8 det A det A t Tutorials 536 1 Find the value of x such that a x 3 5 3 x 2 45

8 det a det a t tutorials 536 1 find the value of x

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8. det( A ) = det( A t ) Tutorials 5.3.6. 1. Find the value of x such that: (a) x - 3 5 - 3 x - 2 = 45 (b) x - 1 2 x 1 - 1 0 2 - 1 - x = 12 127
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2. Use properties of determinants to evaluate: (a) 3 - 4 - 2 6 - 4 - 1 9 2 3 (b) 1 k k 2 1 k k 2 1 k k 2 (c) 3 3 0 5 2 2 0 - 2 4 1 - 3 0 2 10 3 2 (d) 4 0 0 1 0 3 3 3 - 1 0 1 2 4 2 3 2 2 4 2 3 - 3 - 1 2 0 9 3. Show that the value of the following determinant is independent of x . sin x cos x 0 - cos x sin x 0 sin x - cos x sin x + cos x 1 = 0 . 5.4 Matrix Inversion Definition 5.4.1. An n × n square matrix A is invertible (non-singular) if there exist a matrix D such that AD = DA = I n . We say D is an inverse matrix of A and D = A - 1 . Note 5.4.2. The following facts are important: If A - 1 exists, then it is unique and square of the same order as A . 128
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An invertible matrix and its inverse commute with respect to matrix mul- tiplication i.e. AA - 1 = A - 1 A = I n . A non-square matrix can never be invertible, and also among square ma- trices there are infinitely many that are not invertible. There is a symmetric relationship between a matrix and it’s inverse; i.e. if B is the inverse of A , then A is also an inverse of B . If A - 1 exists, then the system of linear equations with A as a coefficient matrix ALWAYS has a unique solution, whatever the right hand side. We can actually write the equation as AX = B where X is the column matrix of variables x, y, z, etc and B is the column matrix of the right hand side. Then AX = B implies A - 1 AX = A - 1 B , then I n X = A - 1 B , hence X = A - 1 B . This will yield the unique solution. (We’ll touch this in detail later). We will study two methods of finding the inverse of a matrix. The first method involves Gauss-Jordan operation and the second is the adjoint method . A. Gauss-Jordan elimination method: We will make use of the following algorithm called Matrix inversion algo- rithm in order to evaluate the inverse using the Gauss-Jordan elimination. NB: Matrix Inversion Algorithm: If A is a (square) invertible matrix, there exists a sequence of elementary row operations that carry A to the identity matrix I of the same size, written A I . This same series of row operations carries I to A - 1 ; that is, I A - 1 . The algorithm can be summarized as follows: [ A | I ] [ I | A - 1 ] where the row operations on A and I are carried out simultaneously. Example 5.4.3. Use the Gauss-Jordan elimination to find the inverse of 129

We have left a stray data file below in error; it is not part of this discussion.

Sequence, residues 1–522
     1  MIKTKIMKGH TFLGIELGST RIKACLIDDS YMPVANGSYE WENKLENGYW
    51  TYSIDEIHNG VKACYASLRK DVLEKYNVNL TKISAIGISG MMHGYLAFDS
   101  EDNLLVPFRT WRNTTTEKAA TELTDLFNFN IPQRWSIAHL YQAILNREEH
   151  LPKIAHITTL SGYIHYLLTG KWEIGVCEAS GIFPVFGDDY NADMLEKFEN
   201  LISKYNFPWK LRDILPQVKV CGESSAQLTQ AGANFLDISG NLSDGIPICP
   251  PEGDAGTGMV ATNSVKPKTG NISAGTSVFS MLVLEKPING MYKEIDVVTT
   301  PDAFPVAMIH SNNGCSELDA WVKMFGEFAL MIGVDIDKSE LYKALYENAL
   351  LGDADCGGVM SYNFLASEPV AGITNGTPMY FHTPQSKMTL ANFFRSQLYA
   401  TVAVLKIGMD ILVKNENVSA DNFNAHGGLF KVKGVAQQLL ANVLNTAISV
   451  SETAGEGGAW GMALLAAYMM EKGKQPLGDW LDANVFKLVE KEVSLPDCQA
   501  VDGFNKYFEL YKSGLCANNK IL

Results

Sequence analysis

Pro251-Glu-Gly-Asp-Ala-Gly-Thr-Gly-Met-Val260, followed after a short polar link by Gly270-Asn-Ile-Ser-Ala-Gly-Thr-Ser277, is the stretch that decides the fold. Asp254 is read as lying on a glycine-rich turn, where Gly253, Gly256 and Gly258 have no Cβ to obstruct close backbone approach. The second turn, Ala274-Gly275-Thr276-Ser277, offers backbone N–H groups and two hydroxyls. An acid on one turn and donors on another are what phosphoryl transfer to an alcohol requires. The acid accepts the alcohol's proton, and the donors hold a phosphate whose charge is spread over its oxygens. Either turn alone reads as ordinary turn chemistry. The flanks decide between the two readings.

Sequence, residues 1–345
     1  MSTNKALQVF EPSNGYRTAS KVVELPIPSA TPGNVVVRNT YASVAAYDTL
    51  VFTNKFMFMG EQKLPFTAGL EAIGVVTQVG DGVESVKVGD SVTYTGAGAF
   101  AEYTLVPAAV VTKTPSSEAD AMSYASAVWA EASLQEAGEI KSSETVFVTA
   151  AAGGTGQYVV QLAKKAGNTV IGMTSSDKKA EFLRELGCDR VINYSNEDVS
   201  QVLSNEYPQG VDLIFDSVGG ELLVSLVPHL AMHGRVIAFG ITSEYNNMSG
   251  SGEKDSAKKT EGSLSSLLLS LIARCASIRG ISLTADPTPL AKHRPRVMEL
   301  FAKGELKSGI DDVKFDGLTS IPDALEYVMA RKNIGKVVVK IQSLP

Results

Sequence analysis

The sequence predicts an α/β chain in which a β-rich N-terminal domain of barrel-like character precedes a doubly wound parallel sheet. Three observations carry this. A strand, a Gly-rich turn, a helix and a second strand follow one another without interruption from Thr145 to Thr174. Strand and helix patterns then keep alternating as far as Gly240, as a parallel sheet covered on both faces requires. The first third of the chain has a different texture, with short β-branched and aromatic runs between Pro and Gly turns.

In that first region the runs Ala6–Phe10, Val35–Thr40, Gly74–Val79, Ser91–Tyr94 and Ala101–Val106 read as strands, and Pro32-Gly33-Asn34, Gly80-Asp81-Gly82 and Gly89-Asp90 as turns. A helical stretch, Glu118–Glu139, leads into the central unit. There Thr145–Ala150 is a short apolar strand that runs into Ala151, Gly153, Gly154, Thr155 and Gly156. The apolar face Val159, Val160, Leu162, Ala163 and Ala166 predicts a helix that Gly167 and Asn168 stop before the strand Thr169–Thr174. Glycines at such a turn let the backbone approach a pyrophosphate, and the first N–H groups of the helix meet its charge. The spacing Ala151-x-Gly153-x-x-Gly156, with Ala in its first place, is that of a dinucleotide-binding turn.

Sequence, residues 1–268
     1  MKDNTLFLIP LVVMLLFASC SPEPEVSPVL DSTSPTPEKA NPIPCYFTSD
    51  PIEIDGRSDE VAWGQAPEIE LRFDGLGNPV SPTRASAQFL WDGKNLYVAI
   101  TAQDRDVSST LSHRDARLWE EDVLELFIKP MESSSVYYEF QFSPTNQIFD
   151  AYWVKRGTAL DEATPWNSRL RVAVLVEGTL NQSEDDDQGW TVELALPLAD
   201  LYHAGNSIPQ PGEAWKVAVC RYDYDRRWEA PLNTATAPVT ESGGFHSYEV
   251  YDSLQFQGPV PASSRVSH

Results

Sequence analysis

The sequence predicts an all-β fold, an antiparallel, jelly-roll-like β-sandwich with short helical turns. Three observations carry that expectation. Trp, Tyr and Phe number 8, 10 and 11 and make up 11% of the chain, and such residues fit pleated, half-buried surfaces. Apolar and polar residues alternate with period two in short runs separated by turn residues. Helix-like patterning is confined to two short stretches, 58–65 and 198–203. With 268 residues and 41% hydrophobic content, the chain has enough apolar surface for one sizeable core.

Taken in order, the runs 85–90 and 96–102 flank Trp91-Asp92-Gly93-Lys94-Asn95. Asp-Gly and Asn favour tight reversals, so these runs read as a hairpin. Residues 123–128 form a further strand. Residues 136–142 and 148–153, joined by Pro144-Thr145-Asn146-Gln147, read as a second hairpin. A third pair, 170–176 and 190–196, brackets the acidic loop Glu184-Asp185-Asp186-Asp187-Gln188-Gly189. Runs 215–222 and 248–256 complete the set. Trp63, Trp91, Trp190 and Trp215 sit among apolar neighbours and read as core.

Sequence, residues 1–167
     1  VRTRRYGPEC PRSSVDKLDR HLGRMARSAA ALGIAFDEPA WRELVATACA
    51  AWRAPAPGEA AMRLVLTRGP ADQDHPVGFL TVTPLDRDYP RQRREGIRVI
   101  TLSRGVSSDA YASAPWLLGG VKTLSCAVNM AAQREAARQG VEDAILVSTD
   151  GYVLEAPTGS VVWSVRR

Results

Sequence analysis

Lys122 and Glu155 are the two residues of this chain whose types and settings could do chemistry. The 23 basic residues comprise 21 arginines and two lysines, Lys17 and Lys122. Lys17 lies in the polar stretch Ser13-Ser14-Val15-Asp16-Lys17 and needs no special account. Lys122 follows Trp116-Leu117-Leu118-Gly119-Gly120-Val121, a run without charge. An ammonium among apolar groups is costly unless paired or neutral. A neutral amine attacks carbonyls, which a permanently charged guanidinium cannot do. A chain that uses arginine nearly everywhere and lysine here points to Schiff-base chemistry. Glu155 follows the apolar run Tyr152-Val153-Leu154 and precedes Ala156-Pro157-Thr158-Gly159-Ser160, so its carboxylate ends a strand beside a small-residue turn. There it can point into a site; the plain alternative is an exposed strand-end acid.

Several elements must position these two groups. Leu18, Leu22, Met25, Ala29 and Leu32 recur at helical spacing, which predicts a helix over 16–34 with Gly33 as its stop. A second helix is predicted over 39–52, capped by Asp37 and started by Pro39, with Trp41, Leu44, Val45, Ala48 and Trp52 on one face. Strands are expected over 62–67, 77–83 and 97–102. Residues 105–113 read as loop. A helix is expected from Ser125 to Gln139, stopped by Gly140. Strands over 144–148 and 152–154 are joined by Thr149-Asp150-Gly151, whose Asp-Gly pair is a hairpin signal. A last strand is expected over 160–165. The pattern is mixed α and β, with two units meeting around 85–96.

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the following matrices: ( a ) A = - 2 3 4 - 5 ; ( b ) B = 2 7 1 1 4 - 1 1 3 0 (a) ( A | I ) = - 2 3 4 - 5 1 0 0 1 = - 2 3 0 1 1 0 2 1 R 2 + 2 R 1 = - 2 0 0 1 - 5 - 3 2 1 R 1 - 3 R 2 = 1 0 0 1 5 2 3 2 2 1 ( - 1 2 ) × R 1 A - 1 = 5 2 3 2 2 1 . (b) ( A | I ) = 2 7 1 1 4 - 1 1 3 0 1 0 0 0 1 0 0 0 1 130
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First interchange row 1 and 2. 1 4 - 1 2 7 1 1 3 0 0 1 0 1 0 0 0 0 1 R 2 R 1 1 4 - 1 0 - 1 3 0 - 1 1 0 1 0 1 - 2 0 1 - 1 1 R 2 - 2 R 1 R 3 - R 1 1 4 - 1 0 1 - 3 0 - 1 1 0 1 0 - 1 2 0 0 - 1 1 - R 2 1 0 11 0 1 - 3 0 0 - 2 4 - 7 0 - 1 2 0 - 1 1 1 R 1 - 4 R 2 R 3 + R 2 1 0 11 0 1 - 3 0 0 1 4 - 7 0 - 1 2 0 1 2 - 1 2 - 1 2 - 1 2 R 3 1 0 11 0 1 - 3 0 0 1 - 3 2 - 3 2 11 2 1 2 1 2 - 3 2 1 2 - 1 2 - 1 2 R 1 - 11 R 3 R 2 + 3 R 3 Hence A - 1 = - 3 2 - 3 2 11 2 1 2 1 2 - 3 2 1 2 - 1 2 - 1 2 = 1 2 - 3 - 3 11 1 1 - 3 1 - 1 - 1 B. The Adjoint Method: Definition 5.4.4.
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